Nestled in the beautiful Susquehanna Valley, Carlisle Barracks is one of our nation's oldest military installations. Since 1757, Carlisle Barracks has witnessed pioneering concepts in military training and education, and innovative measures to prepare for a changing world. This page explores the Army War College history and the colorful history of the military installation, Carlisle Barracks. Click the image at the left to download a history of Carlisle Barracks.
Carlisle Barracks History
Early beginnings at Carlisle
Carlisle, established in 1751 at the intersection of Indian trails along the Letort Creek, became a jumping-off point for traders and settlers heading west over the Allegheny Mountains. In 1757, the British established a military post at Carlisle under Col. John Stanwix during the French and Indian War.
In late 1776, the Continental Congress authorized a laboratory and magazine at Carlisle, which soon expanded to a manufacturing center and an arsenal, known locally as Washingtonburg. Washington wrote a detailed letter to Col. Benjamin Flower about his expectations at the laboratory:” furnaces would be erected to cast cannon and ammunition, carriages would be constructed. The Hessian Powder Magazine is said to have been constructed during the Revolutionary War by captured Hessian soldiers; the fieldstone gunpowder storehouse complemented the foundry work to fill artillery requirements of the new nation.
In addition to Flower’s Regiment of Artificers, there was an artillery school under Capt. Isaac Coren. Carlisle played an important role in supplying artillery material to Henry Knox, Washington’s Chief of Artillery.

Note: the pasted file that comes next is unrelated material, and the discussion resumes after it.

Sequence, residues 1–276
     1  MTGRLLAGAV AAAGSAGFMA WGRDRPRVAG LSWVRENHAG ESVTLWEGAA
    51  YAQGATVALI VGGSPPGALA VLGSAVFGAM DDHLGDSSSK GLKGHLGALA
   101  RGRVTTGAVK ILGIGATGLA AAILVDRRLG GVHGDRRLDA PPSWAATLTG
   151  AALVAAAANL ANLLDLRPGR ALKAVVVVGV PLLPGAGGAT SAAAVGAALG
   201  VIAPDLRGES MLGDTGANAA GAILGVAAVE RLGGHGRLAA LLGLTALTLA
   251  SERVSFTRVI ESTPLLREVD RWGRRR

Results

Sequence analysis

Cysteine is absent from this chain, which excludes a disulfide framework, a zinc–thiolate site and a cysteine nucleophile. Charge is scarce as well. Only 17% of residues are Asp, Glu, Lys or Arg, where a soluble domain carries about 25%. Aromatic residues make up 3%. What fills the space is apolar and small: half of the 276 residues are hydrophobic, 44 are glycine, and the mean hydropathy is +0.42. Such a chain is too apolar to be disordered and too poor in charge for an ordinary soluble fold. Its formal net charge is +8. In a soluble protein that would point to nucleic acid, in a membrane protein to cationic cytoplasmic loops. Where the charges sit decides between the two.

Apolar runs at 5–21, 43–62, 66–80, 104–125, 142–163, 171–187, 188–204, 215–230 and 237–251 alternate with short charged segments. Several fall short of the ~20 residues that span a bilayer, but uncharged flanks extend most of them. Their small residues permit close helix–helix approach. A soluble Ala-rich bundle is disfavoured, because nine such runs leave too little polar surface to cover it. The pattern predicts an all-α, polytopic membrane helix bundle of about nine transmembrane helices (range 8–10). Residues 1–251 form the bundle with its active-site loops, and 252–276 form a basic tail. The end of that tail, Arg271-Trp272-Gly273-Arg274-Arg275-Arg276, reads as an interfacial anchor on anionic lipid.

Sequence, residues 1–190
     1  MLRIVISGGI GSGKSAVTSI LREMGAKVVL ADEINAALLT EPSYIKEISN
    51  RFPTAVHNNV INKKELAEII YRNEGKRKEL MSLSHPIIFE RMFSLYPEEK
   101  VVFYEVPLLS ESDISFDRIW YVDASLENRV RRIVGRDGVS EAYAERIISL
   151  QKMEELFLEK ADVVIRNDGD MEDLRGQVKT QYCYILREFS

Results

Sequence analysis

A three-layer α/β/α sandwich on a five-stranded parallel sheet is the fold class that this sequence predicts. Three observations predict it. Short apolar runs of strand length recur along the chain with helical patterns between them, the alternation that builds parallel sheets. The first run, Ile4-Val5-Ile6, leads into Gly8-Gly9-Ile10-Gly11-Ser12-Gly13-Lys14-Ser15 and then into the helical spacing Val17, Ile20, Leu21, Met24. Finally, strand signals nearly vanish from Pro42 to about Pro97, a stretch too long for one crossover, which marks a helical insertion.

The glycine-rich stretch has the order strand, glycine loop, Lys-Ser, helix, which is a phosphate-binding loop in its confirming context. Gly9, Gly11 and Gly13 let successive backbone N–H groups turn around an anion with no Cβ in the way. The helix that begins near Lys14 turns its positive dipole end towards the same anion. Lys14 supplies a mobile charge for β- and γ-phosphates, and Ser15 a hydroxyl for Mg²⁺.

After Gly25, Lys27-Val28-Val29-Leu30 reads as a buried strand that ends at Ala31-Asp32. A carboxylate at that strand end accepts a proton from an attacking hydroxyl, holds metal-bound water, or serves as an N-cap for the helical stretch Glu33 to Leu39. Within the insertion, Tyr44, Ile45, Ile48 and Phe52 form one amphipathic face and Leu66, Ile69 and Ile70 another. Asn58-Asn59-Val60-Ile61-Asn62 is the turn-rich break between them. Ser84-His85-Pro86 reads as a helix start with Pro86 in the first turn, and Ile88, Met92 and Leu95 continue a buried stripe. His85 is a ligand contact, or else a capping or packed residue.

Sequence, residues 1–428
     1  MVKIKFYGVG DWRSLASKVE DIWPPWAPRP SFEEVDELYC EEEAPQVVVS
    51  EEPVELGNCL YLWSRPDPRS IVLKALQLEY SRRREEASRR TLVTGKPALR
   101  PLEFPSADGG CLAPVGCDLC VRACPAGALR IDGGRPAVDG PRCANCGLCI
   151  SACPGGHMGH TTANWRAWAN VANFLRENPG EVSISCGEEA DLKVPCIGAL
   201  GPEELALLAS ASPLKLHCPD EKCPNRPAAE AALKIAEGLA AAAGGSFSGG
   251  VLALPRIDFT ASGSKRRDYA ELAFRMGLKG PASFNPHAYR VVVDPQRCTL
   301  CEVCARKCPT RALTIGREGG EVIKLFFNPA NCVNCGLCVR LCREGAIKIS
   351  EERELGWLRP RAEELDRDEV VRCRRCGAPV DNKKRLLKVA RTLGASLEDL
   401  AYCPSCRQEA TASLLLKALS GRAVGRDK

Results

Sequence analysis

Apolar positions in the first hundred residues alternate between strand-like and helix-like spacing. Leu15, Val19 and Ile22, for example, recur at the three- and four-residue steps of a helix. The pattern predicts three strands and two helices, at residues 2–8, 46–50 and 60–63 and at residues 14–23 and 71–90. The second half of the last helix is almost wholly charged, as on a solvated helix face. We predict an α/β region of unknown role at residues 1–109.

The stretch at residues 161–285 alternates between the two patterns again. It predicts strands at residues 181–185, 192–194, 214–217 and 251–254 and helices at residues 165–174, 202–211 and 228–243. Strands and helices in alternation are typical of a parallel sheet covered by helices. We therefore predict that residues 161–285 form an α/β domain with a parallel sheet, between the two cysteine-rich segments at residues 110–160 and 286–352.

In 1801, the 27 acres of Carlisle Barracks became federal property when purchased from the heirs of William Penn for $664.20.
Cavalry School gives way to Civil War Era
In 1836, the School of CavalryPractice was established by Capt. E.V. Sumner. This school would be theforerunner of the Armor School. It recruited and trained officers and soldiersfor frontier service with mounted units, and tested the equipment and tacticsthey would use. In time, cavalrymen trained at Carlisle would serve with boththe Union and Confederate armies in the Civil War.
As of September 1861, the Mounted Recruiting Service at CarlisleBarracks trained new Calvary officers.
At the height of the Civil War, in 1863, Confederate Brig. Gen. AlbertJenkins captured the post in a drive toward Harrisburg. It was occupied brieflyby Confederate Gen. Richard S. Ewell, and then by Confederate Maj. Gen. J. E.B. Stuart, whose troops burned much of the town of Carlisle and all but one ortwo buildings on post. The Confederate stay at Carlisle was cut short in Julyby orders to turn south to Gettysburg.
Carlisle Indian Industrial School
In the aftermath of the CivilWar, frontier support centers moved west. The post had been little used whenArmy Lt. Richard Pratt envisioned a vocational school for Native Americanchildren. In 1879, the post was transferred to the Department of the Interior’sBureau of Indian Affairs. Between 1879 and 1918, the Carlisle Indian IndustrialSchool educated more than 10,000 Native Americans, representing more than 70tribes. Early in the 20th century, annual enrollment reached 1,000 studentswho learned English and trades. The school’s athletes gained fame, but itsonce-progressive reputation diminished as cultural attitudes about the boardingschool changed. World War I triggered the closure of the 39-year-old CarlisleIndian Industrial School. On September 1, 1918, Carlisle Barracks reverted toWar Department control. Carlisle Barracks maintains the Army cemetery here,with honor and respect for the Indian children and the Soldiers who died here,far from home.